The Student Experiences Study: Understanding the factors that affect Aboriginal and Torres Strait Islander students' academic success

Year: 1997

Author: Page, Susan, DiGregorio, Kristie Daniel, Farrington, Sally

Type of paper: Abstract refereed

These are indeed "new times" for Indigenous students in higher education: their numbers have doubled in recent years. But because the gap between their attainment and the attainment of other Australians has remained consistent, it is essential to elucidate the factors that promote their academic success, not in order to justify the exclusion of Indigenous students from tertiary education, but to refine and develop culturally relevant strategies for promoting student learning.

For the past year, Yooroang Garang: The Centre for Indigenous Health Studies at the University of Sydney has been involved in a study of diploma students' academic success. The setting of the study is unique not only because it is a program designed by, for, and about Indigenous Australians but also because it is offered in block mode where the academic year consists of four, intensive two-week blocks of instruction.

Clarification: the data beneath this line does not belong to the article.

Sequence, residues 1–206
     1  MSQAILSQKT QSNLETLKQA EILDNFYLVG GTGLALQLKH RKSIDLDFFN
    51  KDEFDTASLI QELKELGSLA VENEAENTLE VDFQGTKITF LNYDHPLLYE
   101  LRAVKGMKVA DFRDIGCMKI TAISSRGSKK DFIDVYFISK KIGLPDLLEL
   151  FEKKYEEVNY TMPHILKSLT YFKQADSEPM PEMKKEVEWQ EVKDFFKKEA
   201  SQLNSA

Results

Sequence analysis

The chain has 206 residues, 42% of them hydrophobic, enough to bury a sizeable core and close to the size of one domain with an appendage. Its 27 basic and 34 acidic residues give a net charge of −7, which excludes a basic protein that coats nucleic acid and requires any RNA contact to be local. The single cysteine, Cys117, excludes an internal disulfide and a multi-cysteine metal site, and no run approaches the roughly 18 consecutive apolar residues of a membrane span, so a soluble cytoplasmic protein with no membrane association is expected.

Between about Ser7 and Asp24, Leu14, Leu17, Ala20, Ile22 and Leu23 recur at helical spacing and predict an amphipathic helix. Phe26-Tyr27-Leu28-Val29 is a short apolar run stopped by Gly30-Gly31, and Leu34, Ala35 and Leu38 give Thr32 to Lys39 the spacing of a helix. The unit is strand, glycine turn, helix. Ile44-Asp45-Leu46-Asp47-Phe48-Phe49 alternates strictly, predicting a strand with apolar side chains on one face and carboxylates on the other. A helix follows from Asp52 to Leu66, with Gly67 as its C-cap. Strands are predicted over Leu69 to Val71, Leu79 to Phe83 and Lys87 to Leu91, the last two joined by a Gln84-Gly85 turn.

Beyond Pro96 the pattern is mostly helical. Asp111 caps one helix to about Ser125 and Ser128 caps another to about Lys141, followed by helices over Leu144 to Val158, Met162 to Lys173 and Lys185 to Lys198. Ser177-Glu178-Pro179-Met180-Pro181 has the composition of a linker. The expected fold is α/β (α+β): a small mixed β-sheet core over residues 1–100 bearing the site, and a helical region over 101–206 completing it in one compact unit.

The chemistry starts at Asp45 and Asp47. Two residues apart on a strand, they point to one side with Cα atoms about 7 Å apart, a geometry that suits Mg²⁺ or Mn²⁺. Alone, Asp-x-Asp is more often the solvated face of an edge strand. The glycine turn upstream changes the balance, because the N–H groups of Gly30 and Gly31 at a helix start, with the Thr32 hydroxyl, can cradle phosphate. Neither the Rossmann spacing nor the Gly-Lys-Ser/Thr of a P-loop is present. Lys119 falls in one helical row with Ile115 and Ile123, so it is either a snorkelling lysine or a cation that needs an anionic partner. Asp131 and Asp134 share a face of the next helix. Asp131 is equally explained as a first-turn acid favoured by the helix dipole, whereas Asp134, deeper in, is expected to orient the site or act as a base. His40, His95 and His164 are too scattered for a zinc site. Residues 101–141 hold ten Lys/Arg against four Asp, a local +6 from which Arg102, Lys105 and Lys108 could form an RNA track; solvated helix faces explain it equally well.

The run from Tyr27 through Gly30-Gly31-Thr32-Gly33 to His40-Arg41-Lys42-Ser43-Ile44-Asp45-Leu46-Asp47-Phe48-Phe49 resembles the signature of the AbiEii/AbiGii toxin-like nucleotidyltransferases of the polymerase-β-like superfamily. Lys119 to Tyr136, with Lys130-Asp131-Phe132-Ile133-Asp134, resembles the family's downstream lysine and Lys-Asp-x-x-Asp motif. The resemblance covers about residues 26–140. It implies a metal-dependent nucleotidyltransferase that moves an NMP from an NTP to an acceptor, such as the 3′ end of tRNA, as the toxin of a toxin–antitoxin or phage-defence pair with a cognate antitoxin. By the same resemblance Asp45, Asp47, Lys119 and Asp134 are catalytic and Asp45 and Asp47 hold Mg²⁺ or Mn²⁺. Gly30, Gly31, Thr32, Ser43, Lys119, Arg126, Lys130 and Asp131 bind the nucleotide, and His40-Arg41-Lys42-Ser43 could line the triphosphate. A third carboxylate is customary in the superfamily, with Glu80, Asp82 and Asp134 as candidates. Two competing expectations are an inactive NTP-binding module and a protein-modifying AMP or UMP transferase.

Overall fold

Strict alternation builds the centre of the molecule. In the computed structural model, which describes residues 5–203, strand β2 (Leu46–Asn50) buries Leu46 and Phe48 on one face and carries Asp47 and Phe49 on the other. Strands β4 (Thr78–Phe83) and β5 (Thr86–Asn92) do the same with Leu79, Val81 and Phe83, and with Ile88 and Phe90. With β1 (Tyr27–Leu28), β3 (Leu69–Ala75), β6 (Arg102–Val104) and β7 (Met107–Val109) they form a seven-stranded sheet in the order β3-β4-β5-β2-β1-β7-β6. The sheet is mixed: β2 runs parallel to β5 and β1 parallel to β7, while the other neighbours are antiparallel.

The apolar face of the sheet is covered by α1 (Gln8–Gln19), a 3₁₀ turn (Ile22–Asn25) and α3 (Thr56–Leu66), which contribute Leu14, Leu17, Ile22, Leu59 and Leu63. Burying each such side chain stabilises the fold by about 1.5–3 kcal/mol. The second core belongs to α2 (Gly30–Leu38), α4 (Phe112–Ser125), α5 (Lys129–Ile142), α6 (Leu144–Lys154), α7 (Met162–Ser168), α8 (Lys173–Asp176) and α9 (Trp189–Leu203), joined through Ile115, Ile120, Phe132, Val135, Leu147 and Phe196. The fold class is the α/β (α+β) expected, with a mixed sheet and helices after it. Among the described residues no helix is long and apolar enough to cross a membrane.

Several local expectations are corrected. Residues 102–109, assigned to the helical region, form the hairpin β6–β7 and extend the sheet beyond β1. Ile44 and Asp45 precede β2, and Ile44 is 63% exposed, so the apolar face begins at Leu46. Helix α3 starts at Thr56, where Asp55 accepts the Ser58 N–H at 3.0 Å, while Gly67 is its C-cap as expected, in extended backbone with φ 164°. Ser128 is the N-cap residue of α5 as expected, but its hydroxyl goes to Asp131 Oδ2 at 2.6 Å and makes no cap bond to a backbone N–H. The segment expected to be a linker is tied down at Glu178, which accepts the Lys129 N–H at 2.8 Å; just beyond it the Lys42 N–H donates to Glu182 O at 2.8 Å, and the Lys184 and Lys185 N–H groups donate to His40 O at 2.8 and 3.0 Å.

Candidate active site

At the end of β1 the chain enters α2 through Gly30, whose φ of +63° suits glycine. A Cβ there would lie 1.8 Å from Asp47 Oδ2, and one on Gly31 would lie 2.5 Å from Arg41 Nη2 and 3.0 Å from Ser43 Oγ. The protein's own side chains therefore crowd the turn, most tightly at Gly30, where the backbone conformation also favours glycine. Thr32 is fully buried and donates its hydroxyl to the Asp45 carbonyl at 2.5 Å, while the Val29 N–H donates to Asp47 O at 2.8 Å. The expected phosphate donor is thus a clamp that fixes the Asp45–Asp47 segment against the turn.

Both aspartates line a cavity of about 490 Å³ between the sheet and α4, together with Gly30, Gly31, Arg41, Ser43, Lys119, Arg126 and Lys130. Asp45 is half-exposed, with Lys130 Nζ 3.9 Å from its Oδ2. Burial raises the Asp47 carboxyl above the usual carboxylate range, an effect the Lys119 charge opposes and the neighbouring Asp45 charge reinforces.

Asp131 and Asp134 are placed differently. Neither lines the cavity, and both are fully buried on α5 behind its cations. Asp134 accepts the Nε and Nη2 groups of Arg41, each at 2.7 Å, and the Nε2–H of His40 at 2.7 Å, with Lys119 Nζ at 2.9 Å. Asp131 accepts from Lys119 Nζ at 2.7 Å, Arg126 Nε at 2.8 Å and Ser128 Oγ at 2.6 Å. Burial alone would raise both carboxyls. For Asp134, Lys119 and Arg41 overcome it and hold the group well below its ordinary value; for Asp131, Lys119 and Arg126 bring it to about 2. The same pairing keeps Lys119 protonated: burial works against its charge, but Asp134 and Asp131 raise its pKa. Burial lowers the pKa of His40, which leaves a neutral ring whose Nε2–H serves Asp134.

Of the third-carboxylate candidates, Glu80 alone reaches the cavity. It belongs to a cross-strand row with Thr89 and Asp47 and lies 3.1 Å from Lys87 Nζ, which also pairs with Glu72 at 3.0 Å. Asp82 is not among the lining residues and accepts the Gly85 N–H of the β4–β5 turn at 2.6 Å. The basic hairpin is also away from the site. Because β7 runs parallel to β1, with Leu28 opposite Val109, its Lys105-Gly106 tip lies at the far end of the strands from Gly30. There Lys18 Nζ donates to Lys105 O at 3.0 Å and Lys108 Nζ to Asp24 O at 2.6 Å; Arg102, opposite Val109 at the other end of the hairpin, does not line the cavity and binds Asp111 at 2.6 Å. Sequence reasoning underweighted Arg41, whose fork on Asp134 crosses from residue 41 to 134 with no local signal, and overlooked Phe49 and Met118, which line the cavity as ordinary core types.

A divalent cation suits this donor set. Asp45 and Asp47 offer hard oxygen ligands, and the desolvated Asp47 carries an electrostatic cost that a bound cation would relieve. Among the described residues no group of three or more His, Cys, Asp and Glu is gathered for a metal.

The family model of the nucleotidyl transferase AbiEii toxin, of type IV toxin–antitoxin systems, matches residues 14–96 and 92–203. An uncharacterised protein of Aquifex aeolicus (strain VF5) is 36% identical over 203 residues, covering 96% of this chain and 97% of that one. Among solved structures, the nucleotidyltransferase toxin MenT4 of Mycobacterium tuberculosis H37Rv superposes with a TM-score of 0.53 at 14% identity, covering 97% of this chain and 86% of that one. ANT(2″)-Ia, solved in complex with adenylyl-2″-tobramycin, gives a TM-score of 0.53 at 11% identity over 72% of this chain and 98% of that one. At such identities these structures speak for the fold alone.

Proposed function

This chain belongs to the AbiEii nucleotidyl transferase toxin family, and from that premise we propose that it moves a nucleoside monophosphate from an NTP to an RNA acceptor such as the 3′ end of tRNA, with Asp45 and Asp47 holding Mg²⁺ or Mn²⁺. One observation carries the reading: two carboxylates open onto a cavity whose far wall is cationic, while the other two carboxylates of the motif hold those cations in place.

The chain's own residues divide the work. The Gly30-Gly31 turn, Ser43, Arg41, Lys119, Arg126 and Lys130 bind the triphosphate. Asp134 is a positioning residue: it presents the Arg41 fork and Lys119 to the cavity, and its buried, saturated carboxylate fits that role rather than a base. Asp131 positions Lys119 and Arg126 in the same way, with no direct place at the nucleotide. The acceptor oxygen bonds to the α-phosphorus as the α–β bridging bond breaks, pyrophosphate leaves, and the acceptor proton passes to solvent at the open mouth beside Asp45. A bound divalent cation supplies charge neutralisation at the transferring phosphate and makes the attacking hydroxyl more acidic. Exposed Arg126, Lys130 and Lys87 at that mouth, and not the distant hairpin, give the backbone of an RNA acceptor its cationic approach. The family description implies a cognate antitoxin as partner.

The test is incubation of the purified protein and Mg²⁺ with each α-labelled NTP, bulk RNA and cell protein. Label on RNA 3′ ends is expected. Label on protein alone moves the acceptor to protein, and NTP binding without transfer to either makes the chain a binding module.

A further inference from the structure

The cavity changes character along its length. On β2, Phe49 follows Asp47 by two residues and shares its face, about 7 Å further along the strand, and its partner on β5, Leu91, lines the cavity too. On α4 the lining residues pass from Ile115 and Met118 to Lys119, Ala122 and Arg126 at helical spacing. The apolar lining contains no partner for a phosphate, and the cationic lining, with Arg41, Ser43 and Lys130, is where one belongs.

Initial data from the study has suggested potential factors predictive of students' academic success, for example, whether they had previous health-related experience, their age, and their gender. The aims of the study include 1) qualitatively assessing students' understandings of the factors that enhance or impede their success at university and comparing these factors to the hypothesized predictors of success and 2) testing the effectiveness of study groups being piloted in 1997 to enhance student success.